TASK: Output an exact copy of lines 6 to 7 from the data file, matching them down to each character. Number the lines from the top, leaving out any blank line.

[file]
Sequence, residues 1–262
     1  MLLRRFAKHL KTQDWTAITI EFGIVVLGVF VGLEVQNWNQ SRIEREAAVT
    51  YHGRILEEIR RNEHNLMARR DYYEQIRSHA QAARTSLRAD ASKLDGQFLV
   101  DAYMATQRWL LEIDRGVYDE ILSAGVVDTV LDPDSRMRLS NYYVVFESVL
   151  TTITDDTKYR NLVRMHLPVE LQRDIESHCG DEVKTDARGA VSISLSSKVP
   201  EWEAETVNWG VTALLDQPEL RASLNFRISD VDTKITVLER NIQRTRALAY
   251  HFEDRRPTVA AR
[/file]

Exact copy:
   201  EWEAETVNWG VTALLDQPEL RASLNFRISD VDTKITVLER NIQRTRALAY
   251  HFEDRRPTVA AR